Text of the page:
Retail Giants WH Smith, M&S, and Argos Found Guilty of Minimum Wage Violations

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WH Smith, Marks & Spencer and Argos are among a string of companies named for failing to pay the minimum wage.

More than 200 firms face penalties of nearly £7m and must reimburse workers for breaches dating back over a decade.

WH Smith, Marks & Spencer and Argos all said the breaches were unintentional and had been swiftly remedied.

It is unclear how much they paid in fines, but the government said penalties amounted to up to 200% of the arrears owed.

“Paying the legal minimum wage is non-negotiable and all businesses, whatever their size, should know better than to short-change hard-working staff,” said Kevin Hollinrake, minister for enterprise, markets and small business.

This April, the National Living Wage and Minimum Wage experienced a notable increase of 9.7%.

According to the business department, some 63,000 workers were left “out of pocket” because of the breaches, most of which occurred from 2017-2019.

WH Smith emerged as the most significant violator, having neglected to pay over £1 million to more than 17,600 workers.

The retailer attributed its non-compliance to a misinterpretation of regulations regarding uniforms, as it required employees to wear specific coloured trousers, skirts, and shoes without providing adequate reimbursement.

“Following a review with HMRC in 2019, and in common with a number of retailers, it was brought to our attention that we had misinterpreted how the statutory wage regulations were applied to our uniform policy for staff working in our stores,” a spokesman said.

“This was a genuine error and it was rectified immediately with all colleagues reimbursed in 2019.”

Following WH Smith, Lloyds Pharmacy stood out as the next prominent offender, with a failure to pay over £903,000 to a total of 7,916 workers.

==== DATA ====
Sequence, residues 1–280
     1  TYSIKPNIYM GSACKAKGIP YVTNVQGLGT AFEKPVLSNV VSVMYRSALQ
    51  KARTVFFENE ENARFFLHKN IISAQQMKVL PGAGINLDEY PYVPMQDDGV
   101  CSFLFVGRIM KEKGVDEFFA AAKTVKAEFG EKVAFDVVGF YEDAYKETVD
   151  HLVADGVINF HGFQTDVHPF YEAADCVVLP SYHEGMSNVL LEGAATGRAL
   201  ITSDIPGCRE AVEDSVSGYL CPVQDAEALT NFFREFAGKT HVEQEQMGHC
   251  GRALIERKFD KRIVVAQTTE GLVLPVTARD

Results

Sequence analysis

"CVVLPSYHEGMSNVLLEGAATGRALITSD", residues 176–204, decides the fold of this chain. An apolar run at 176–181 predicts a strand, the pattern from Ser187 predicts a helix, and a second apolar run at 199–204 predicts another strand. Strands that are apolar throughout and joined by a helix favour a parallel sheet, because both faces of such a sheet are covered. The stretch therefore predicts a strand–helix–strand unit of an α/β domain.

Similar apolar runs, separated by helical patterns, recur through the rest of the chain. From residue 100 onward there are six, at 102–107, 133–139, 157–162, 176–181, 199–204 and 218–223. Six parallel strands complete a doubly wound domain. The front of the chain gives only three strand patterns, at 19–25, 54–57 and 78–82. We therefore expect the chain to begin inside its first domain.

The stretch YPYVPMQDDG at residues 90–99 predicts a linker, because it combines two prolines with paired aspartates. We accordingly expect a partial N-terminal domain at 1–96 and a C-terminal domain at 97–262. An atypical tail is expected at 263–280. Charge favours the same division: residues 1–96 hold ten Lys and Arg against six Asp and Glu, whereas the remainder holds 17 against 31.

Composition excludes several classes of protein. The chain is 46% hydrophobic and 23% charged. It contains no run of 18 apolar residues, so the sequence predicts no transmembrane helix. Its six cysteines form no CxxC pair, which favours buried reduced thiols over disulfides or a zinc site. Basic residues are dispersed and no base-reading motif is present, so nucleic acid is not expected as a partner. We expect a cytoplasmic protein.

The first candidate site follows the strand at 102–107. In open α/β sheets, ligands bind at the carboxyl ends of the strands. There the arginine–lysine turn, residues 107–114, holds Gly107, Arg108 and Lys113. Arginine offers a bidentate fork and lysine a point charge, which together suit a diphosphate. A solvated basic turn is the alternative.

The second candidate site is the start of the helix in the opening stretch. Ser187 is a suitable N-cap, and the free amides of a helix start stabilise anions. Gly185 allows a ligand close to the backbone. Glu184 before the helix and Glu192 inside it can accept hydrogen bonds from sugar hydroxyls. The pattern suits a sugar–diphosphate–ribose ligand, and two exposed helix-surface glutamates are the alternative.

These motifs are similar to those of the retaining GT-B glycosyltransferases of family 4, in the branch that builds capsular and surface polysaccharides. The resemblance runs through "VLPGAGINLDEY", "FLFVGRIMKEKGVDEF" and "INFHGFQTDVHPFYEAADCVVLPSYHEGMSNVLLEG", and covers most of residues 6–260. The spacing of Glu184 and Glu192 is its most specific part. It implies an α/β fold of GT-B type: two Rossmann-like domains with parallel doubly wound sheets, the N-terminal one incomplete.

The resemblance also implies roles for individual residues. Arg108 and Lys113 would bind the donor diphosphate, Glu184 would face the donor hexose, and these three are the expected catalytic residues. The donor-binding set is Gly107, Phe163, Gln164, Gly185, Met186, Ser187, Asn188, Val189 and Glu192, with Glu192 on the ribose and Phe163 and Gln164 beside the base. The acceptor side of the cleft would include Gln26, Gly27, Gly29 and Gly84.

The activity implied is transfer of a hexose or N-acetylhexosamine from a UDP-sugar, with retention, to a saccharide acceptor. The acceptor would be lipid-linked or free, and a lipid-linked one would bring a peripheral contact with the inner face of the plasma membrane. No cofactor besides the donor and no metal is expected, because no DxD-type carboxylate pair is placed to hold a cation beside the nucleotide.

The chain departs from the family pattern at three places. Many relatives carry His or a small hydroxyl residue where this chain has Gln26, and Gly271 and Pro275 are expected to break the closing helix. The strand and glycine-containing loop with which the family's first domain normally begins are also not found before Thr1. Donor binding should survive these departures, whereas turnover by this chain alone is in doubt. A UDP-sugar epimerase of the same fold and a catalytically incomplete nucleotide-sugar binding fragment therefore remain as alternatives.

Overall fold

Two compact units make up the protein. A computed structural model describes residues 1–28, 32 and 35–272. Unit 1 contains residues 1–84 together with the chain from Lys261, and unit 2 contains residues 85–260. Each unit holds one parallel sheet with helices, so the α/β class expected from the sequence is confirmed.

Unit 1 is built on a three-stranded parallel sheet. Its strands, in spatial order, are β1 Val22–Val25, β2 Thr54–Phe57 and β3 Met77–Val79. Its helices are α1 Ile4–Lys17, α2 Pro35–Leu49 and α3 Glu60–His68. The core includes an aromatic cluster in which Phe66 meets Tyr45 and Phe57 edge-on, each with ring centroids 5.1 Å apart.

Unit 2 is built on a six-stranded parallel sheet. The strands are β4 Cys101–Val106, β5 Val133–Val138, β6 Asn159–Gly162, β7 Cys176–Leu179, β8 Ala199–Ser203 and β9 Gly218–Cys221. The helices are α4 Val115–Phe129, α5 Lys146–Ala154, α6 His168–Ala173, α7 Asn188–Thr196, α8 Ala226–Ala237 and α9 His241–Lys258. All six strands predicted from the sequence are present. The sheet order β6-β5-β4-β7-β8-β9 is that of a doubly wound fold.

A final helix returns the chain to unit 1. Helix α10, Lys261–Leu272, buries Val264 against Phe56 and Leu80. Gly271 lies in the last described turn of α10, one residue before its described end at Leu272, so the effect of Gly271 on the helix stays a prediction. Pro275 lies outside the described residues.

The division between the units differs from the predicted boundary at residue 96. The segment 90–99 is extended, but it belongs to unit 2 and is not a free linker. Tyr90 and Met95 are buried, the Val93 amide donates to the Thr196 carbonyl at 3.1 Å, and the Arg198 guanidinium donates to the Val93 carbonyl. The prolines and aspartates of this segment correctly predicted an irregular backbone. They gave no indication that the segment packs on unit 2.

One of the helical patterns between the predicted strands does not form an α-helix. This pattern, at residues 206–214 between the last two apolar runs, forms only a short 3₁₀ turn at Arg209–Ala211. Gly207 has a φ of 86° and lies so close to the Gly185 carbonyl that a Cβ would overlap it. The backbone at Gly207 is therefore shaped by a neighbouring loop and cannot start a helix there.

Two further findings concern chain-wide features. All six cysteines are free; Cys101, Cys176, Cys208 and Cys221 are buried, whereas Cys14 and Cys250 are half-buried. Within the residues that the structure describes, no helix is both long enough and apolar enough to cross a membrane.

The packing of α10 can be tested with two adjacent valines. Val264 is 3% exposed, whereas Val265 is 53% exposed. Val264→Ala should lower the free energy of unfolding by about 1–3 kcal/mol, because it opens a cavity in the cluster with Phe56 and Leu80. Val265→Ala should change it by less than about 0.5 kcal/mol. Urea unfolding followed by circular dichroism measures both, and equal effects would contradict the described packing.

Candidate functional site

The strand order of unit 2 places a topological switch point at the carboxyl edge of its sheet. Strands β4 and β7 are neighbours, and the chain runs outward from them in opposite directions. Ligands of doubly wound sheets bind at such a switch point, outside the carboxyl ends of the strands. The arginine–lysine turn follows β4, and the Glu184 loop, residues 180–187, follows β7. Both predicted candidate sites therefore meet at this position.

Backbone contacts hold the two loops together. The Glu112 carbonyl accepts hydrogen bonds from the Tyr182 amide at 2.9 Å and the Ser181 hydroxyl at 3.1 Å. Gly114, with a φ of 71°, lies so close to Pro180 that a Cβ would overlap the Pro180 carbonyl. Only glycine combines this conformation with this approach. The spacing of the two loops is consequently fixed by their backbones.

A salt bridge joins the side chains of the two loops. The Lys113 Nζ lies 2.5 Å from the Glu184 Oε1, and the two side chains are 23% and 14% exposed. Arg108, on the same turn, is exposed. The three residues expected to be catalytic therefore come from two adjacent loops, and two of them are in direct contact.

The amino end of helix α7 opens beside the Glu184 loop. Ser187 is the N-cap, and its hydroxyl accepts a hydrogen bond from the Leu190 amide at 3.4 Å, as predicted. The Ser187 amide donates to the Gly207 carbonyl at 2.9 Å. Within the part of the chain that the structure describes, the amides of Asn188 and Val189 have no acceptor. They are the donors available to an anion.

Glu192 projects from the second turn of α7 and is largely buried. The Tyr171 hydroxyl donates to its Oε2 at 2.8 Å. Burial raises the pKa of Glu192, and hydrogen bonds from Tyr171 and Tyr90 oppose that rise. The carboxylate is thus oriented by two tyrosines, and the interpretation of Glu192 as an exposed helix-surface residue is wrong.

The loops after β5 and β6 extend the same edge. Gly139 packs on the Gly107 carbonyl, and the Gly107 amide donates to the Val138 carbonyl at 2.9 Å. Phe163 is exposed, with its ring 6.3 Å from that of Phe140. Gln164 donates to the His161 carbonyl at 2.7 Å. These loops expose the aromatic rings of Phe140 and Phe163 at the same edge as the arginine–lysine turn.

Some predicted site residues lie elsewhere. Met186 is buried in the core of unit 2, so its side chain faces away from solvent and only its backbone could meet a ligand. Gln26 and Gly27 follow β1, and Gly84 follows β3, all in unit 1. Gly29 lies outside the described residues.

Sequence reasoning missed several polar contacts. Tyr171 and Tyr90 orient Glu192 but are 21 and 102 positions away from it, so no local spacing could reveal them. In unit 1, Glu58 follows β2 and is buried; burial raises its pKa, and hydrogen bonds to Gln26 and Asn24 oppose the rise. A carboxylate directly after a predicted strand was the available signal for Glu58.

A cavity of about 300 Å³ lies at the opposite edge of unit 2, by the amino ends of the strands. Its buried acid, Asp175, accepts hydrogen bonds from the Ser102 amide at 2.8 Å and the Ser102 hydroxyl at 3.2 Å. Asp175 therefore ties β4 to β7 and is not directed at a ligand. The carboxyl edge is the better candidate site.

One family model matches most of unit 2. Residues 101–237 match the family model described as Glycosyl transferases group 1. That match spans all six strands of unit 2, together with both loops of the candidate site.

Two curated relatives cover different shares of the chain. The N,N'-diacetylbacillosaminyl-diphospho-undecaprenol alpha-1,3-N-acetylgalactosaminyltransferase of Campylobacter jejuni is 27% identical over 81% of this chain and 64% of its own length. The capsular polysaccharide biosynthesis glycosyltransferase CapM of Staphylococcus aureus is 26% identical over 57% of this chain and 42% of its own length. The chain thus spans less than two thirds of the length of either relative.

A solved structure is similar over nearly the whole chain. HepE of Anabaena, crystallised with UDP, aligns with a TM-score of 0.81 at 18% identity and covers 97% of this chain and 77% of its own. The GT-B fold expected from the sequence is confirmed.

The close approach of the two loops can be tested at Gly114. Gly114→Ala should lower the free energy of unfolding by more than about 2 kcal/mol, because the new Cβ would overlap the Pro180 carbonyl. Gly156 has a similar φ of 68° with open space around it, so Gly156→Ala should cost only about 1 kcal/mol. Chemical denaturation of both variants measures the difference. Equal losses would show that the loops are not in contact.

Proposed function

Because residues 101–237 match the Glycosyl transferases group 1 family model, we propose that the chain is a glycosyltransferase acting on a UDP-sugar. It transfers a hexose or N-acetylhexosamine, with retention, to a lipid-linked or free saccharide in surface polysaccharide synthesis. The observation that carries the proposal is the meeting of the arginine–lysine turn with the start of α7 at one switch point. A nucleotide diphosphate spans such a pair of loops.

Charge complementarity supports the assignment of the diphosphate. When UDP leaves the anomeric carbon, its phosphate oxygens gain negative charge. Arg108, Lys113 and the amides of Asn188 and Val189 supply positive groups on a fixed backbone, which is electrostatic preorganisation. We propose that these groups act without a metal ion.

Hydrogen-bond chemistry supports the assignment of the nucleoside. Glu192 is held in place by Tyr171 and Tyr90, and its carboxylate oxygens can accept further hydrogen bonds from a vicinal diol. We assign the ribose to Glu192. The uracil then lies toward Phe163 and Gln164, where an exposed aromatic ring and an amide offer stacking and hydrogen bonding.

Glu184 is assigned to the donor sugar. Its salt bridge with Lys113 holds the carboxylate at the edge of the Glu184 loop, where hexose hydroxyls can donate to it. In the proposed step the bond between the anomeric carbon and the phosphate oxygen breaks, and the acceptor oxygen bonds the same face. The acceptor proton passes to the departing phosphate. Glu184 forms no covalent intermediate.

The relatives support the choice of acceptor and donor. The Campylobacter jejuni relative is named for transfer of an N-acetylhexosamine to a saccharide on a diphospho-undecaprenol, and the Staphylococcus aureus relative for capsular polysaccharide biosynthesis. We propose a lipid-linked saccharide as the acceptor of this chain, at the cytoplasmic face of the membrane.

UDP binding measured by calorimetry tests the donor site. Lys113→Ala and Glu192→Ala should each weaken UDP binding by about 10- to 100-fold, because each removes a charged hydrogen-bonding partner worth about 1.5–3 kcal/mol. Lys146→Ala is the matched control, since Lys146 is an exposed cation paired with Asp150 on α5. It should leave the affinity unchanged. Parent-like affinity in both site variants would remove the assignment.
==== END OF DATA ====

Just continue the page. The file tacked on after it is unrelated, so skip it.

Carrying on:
According to Acas, the conciliation service, it is unlawful for an employer to pay less than the National Minimum Wage or National Living Wage. Additionally, employers are required to maintain accurate pay records and make them available upon request.

If an employer has failed to pay the correct minimum wage, it is crucial for them to address and rectify the issue promptly, even if the employee or worker is no longer in their employ.

Resolving the situation can often be achieved through informal discussions between the employer and employee or worker.

In more formal cases, the employee or worker has the option to lodge a complaint directly with the employer, report the matter to HM Revenue and Customs (HMRC), or file a claim with an employment tribunal.

M&S said it had only been named by the government because of an “unintentional technical issue from over four years ago”.

The government has confirmed that it did not fulfil payments totalling £578,390.79 to a group of 5,363 workers.

But an M&S spokeswoman said: “This happened simply because temporary colleagues were not paid within the strict time periods specified in the National Minimum Wage regulations and was remedied as soon as we became aware of the issue.

“Our minimum hourly pay has never been below the national minimum wage, it is currently above it and no colleagues were ever underpaid because of this.”

Sainsbury’s, the parent company of Argos, has been instructed to reimburse £480,093.58 to a total of 10,399 workers. The company explained that this issue stemmed from a payroll error discovered in 2018, which had impacted certain Argos store workers and drivers. It should be noted that these errors occurred prior to Sainsbury’s acquisition of Argos and dated back to 2012.

The retailer said it had launched an immediate investigation and “put this right at the time”.

“Since then we have completed the integration of Argos onto Sainsbury’s systems which will prevent this from happening again.”


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